Thursday, February 25, 2010

What can you say in the time it takes to soft-boil an egg?

More than you might imagine. On July 24, 2009 Joan Detz gave a Thorough Speech on Brief Speechmaking, subtitled Mastering the Three-Minute Speech: Advice for Your Speaking Success. Her audience was the National Conference of State Legislatures, in Philadelphia, Pennsylvania. Joan has written the following four books:

It’s Not What You Say, It’s How You Say It (2000)
Can You Say a Few Words (1991, 2006)
You Mean I Have to Stand Up and Say Something (1986)
How to Write and Give a Speech (1984, 1992, 2002)

You can read the text of her speech here or download it in the October 2009 sample issue of Vital Speeches of the Day. Her twelve points were to:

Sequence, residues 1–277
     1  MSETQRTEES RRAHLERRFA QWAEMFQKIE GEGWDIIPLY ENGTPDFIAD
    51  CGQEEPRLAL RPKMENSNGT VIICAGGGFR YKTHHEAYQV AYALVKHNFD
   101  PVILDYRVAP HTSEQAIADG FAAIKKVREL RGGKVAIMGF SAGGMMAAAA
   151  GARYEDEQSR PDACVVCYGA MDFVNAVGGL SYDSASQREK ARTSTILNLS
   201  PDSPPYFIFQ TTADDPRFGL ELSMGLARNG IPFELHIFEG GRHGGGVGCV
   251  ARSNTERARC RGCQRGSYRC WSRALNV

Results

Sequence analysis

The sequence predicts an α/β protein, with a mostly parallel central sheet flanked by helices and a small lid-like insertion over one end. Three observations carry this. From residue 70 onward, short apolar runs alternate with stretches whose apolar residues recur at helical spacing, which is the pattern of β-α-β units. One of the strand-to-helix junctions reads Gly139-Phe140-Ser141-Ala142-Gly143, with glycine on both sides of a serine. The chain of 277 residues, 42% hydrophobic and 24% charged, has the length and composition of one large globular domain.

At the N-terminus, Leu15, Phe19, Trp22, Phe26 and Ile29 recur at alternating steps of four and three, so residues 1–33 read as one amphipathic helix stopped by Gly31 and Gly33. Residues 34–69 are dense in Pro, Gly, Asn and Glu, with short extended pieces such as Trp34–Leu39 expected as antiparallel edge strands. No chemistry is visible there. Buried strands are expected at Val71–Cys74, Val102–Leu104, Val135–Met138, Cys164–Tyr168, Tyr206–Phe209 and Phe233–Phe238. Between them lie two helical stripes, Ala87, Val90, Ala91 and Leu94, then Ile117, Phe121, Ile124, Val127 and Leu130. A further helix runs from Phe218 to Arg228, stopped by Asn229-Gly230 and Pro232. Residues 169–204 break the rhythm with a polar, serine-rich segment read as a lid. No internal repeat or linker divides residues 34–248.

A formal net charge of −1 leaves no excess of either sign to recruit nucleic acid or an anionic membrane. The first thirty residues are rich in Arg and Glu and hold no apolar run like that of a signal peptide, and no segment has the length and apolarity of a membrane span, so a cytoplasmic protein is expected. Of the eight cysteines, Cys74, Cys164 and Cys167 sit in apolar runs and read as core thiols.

1. Expand your definition of a speech.
2. Do your math.
3. Focus your message.
4. See if you can tie your message into the date in history.
5. Make adjustments based on audience demographics.
6. Be specific.
7. Watch your pronouns.
8. Give it some style.
9. Use a light touch of humor.
10. Fix your delivery problems.
11. Consider your A-V options.
12. Don’t run overtime.

Under No. 2, do your math meant that you should know your speech rate in words per minute. The US average is 140, but it varies widely. However, Lincoln's Gettysburg Address was only 268 words, so even at a leisurely 90 words per minute you could fit it into three minutes.

Under No. 4, she mentioned three historical events that occurred on July 24. Regarding No. 5, there is another event celebrated in Utah called Pioneer Day.

Under No.10, fix your delivery problems, she mentioned that you might read books, take classes, get coaching, watch C-Span, join Toastmasters International, etc.

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